Miss Peregrine's Home for Peculiar Children Channels Harry Potter, X-Men 

Miss Peregrine's Home for Peculiar Children, based on a peculiar book of the same name and directed by the embodiment of peculiarity himself, Tim Burton, is much better than you might have expected. Having seen the baffling publicity -- a white-eyed, Don-King-coiffed Samuel L. Jackson, what? -- you were likely to have considered this one yet another entry in an underwritten, overcrowded field of YA-adaptations that fail to distinguish themselves in any meaningful sense.

But not so!

Here, in a story constructed initially from archival photographs and then sculpted into a novel by writer Ransom Riggs, Burton has produced the closest thing to Harry Potter and the Sorcerer's Stone since that film's arrival in 2001. In the Burton pantheon, it's tonally much more akin to Big Fish than Alice in Wonderland.  

Jacob Portman (Hugo's Asa Butterfield, of the Kodi Smit-McPhee-lanky-frame school) is a teenager in sunny Florida. When his grandfather Abraham (Terence Stamp) is horrifically killed -- his body is found with eyes removed -- Jake is sent on a mission to uncover an unusual past. In flashbacks, we learn that Abraham was raised in a Welsh orphanage peopled by children of remarkable abilities. And if that feels like an amalgam or derivative of Hogwarts and Xavier's School for Gifted Youngsters, that's because it is.

On the Welsh Island in question, where Jacob has convinced his dad (Chris O'Dowd), via a psychiatrist (Allison Janney) to take him to convalesce (a bit of a first-world stretch), Jacob stumbles upon Miss Peregrine's School, and learns the mythology that defines the series: The eponymous headmistress (Eva Green) is a something called an Ymbrene, a "peculiar" (the word for mutant in this world) that can take the shape of a bird and, critically, can create 24-hour time loops in which persecuted peculiars, particularly children, can take refuge.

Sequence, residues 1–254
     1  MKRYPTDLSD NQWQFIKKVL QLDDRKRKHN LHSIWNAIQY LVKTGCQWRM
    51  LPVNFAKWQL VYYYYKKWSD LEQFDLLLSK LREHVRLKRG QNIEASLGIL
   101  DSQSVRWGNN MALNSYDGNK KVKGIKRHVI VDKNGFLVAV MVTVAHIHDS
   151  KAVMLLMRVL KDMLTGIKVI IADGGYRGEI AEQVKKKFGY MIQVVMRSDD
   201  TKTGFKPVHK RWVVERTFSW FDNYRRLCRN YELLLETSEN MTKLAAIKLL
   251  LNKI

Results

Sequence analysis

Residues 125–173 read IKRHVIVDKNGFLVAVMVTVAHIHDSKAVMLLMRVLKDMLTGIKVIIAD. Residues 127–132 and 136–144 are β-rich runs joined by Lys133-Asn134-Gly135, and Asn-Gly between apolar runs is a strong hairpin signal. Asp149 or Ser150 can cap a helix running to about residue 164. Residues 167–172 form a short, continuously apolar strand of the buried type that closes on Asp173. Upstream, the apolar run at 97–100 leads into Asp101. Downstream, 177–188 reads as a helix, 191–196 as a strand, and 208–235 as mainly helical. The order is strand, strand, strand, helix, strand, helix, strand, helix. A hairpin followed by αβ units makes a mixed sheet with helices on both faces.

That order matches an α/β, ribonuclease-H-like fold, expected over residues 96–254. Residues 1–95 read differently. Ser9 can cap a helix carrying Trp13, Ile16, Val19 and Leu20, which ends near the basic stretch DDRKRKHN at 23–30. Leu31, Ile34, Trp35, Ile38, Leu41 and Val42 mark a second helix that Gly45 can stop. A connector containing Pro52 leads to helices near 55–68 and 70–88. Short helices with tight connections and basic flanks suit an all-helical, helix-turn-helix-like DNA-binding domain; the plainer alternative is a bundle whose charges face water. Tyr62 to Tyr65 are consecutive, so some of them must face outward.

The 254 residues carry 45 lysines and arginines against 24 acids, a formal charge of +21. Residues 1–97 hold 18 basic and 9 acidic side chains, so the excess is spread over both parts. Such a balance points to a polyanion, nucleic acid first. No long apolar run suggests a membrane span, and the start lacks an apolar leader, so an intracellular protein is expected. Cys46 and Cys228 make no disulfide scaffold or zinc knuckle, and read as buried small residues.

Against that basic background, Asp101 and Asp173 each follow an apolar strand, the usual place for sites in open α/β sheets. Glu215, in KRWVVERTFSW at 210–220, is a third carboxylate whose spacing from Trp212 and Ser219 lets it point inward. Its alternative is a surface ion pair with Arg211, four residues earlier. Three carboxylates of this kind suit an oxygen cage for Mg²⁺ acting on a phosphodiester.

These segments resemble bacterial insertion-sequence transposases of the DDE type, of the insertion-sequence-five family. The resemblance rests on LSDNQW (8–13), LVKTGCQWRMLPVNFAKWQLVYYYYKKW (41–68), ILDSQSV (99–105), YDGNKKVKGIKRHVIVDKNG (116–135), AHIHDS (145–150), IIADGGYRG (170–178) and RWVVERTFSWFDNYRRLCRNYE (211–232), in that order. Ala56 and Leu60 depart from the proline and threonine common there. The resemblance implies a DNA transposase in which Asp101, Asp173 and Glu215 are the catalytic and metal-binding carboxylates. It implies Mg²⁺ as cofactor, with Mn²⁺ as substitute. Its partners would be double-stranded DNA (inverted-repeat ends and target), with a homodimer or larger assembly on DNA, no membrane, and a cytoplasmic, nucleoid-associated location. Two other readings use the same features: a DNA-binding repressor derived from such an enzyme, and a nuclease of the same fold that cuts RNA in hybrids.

The plot against the peculiars is led by a mad scientist type named Barron (Samuel L. Jackson) and his coterie of thugs and tentacled minions. After a ghastly eternal-youth experiment gone wrong, Barron and his crew transformed into beasts known as Hollowgasts (think Ringwraiths, Dementors, etc.), and, in a Guillermo del Toro twist, must consume the eyes of peculiars to maintain their human form. Children's eyes are especially valuable.

It's a bizarre story that transcends its zaniness with crisp storytelling and a largely fully-realized fantastical realm. Many of the YA products on the market are the result of speculative multi-book deals and are radically underdeveloped when they hit Barnes & Noble, and later the silver screen. This one, guided by Burton's tempered hand, and keyed in with at least two strong adult performances, is both a pleasant surprise and a return to form for YA adaptations. The most peculiar thing about this movie is that it works so well.


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